The UK’s plan to please India by promoting Ayurvedic medicine puts politics ahead of science

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Edzard Ernsthttps://edzardernst.com/
Edzard Ernst is Emeritus Professor of Complementary Medicine at the Peninsula School of Medicine, University of Exeter. He is the author of ten books on complementary and alternative medicine.

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It has been widely reported that, in order not to jeopardise our trade deal with India, Boris Johnson failed to close the border quick enough for preventing the delta variant entering Britain. The consequences were devastating. Now our government is about to please Modi again. The “2030 Roadmap for India-UK future relations” is a policy document of the UK government. In it, we find that the UK government intends to:

Explore cooperation on research into Ayurveda and promote yoga in the UK. Increase opportunities for generic medicine supply from India to the UK by seeking access for Indian pharma products to the NHS and recognition of Indian generic and Ayurvedic medicines that meet UK regulatory standards.

This begs the question, are these plans good or bad for UK public health?

Ayurveda is a system of healthcare developed in India around the mid-first millennium BCE. Ayurvedic medicine involves a range of techniques, including meditation, physical exercises, nutrition, relaxation, massage, and medication. Ayurvedic medicine thrives for balance and claims that the suppression of natural urges leads to illness. Emphasis is placed on moderation. Ayurvedic medicines are extremely varied. They usually are mixtures of multiple ingredients and can consist of plants, animal products, and minerals.

Relatively few studies of Ayurvedic remedies exist and most are methodologically weak. A Cochrane review, for instance, concluded that

although there were significant glucose-lowering effects with the use of some herbal mixtures, due to methodological deficiencies and small sample sizes we are unable to draw any definite conclusions regarding their efficacy. Though no significant adverse events were reported, there is insufficient evidence at present to recommend the use of these interventions in routine clinical practice and further studies are needed.

The efficacy of Ayurvedic remedies obviously depends on the exact nature of the ingredients. Generalizations are therefore problematic. Promising findings exist for a relatively small number of ingredients, including BoswelliaFrankincenseAndrographis paniculata. Caution is, however, indicated: Ayurvedic remedies often contain toxic substances, such as heavy metals which are deliberately added in the ancient belief that they can have positive health effects. The truth, however, is that they can cause serious adverse effects.

Man doing yoga

Yoga has been defined in several different ways in the various Indian philosophical and religious traditions. From the perspective of alternative medicine, it is a practice of gentle stretching exercises, breathing control, meditation, and lifestyles. The aim is to strengthen ‘prana’, the vital force as understood in traditional Indian medicine. Thus, it is claimed to be helpful for most conditions affecting mankind. Most people who practice yoga in the West practise ‘Hatha yoga’, which includes postural exercises (asanas), breath control (pranayama), and meditation (dhyana). It is claimed that these techniques bring an individual to a state of perfect health, stillness, and heightened awareness. Other alleged benefits of regular yoga practice include suppleness, muscular strength, feelings of well-being, reduction of sympathetic drive, pain control, and longevity. Yogic breathing exercises are said to reduce muscular spasms, expand available lung capacity and thus alleviate the symptoms of asthma and other respiratory conditions.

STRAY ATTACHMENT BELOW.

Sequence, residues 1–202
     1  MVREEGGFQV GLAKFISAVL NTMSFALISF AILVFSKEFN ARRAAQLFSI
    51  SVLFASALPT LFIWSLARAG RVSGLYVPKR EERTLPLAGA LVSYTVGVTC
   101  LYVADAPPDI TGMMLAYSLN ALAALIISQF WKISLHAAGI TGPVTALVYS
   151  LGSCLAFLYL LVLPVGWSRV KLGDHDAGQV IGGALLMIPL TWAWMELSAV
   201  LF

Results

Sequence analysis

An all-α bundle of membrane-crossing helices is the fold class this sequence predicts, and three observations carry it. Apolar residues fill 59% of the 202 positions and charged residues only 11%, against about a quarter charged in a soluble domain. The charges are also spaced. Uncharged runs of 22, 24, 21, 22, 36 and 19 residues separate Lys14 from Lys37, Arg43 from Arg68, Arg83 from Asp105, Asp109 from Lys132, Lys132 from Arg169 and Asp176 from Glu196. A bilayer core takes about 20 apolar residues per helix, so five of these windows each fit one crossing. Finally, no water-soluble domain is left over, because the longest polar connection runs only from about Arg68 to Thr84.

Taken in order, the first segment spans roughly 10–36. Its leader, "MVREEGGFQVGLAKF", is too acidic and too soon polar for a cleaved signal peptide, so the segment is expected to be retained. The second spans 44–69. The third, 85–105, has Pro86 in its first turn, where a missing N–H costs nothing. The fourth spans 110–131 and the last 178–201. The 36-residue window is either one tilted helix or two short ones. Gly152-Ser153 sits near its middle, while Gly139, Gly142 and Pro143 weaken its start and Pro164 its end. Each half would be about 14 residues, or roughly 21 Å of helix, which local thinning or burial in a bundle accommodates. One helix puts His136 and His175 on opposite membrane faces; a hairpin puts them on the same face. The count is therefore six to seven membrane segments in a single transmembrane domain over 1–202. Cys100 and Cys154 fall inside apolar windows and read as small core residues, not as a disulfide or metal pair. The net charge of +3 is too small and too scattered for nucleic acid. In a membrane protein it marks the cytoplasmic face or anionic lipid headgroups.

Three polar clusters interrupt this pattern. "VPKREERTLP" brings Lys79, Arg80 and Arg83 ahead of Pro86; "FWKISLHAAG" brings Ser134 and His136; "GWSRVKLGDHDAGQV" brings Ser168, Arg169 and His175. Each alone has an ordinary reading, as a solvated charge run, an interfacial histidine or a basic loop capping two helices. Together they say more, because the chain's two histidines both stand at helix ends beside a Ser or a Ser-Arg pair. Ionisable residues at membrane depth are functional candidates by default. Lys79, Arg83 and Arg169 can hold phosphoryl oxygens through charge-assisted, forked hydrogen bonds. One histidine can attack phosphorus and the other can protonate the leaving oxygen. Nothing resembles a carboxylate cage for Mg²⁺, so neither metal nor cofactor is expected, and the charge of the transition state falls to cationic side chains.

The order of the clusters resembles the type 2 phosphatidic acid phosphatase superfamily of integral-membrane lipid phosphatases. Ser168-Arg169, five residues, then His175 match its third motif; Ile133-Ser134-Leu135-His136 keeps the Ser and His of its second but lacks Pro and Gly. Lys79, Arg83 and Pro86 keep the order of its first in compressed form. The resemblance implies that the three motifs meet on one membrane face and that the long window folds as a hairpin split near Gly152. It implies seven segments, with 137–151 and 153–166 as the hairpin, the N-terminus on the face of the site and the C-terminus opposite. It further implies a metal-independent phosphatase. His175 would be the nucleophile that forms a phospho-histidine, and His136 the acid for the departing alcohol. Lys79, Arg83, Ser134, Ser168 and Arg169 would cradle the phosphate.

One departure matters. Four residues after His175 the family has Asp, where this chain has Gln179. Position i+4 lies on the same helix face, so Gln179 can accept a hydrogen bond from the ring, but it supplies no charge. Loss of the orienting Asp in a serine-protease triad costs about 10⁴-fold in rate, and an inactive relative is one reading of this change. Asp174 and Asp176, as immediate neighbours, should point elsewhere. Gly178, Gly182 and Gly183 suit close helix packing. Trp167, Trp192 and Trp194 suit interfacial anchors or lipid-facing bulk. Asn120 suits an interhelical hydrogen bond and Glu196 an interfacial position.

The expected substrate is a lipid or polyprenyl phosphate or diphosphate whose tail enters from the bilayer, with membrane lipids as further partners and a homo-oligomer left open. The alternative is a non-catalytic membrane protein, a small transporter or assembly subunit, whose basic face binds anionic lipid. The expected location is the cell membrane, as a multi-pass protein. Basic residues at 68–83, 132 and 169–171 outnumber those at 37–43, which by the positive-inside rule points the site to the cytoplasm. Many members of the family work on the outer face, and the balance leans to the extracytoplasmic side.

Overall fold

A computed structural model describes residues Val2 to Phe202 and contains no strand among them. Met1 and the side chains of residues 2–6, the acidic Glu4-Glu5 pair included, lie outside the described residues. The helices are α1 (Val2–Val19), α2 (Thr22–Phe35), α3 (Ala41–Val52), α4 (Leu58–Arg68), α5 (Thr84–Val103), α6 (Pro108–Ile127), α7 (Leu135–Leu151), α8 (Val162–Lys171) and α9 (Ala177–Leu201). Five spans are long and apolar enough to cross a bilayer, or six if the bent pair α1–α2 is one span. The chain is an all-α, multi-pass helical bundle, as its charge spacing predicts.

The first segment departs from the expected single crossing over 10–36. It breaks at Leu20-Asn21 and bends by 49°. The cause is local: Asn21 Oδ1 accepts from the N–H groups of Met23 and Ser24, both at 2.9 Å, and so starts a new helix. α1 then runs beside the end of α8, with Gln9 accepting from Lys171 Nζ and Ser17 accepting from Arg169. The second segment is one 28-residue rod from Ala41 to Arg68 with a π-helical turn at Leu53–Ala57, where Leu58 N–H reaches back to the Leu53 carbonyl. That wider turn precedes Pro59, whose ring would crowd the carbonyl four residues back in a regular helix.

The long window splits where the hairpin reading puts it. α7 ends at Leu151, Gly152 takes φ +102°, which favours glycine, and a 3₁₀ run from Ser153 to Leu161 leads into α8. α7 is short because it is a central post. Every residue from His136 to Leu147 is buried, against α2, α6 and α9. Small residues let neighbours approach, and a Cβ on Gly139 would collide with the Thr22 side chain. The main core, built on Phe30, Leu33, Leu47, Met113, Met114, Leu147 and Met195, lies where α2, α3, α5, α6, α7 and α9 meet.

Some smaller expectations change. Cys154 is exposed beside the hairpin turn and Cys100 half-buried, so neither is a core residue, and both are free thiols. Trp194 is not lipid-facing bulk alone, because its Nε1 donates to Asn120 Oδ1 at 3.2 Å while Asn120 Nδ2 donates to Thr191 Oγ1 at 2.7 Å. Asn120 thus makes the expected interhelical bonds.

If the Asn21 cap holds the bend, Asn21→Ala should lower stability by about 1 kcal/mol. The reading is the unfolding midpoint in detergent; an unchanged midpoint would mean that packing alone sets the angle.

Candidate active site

There have been numerous clinical trials of various yoga techniques. They tend to suffer from poor study design and incomplete reporting. Their results are therefore not always reliable. Several systematic reviews have summarised the findings of these studies. An overview included 21 systematic reviews relating to a wide range of conditions. Nine systematic reviews arrived at positive conclusions, but many were associated with a high risk of bias. Unanimously positive evidence emerged only for depression and cardiovascular risk reduction (Ernst E, Lee MS: Focus on Alternative and Complementary Therapies Volume 15(4) December 2010 274–27).

Yoga is generally considered to be safe. However, the only large-scale survey specifically addressing the question of adverse effects found that:

approximately 30% of yoga class attendees had experienced some type of adverse event. Although the majority had mild symptoms, the survey results indicated that attendees with chronic diseases were more likely to experience adverse events associated with their disease. Therefore, special attention is necessary when yoga is introduced to patients with stress-related, chronic diseases. 

So, should we be pleased about the UK government’s plan to promote Ayurveda and yoga? In view of the mixed and inconclusive evidence, I feel that a cautious approach would be needed. Research into these subjects could be a good idea, particularly if it were aimed at finding out what the exact risks are. Whole-sale integration does not, however, seem prudent at this stage.

In other words, it would be wise to first find out what generates more good than harm for which conditions and subsequently consider adopting those elements that fulfil this vital criterium. Yet, I doubt that things will pan out like this. More likely, political interests will again outweigh scientific caution. I just hope that the consequences are not as bad as the failure to close our borders in time.

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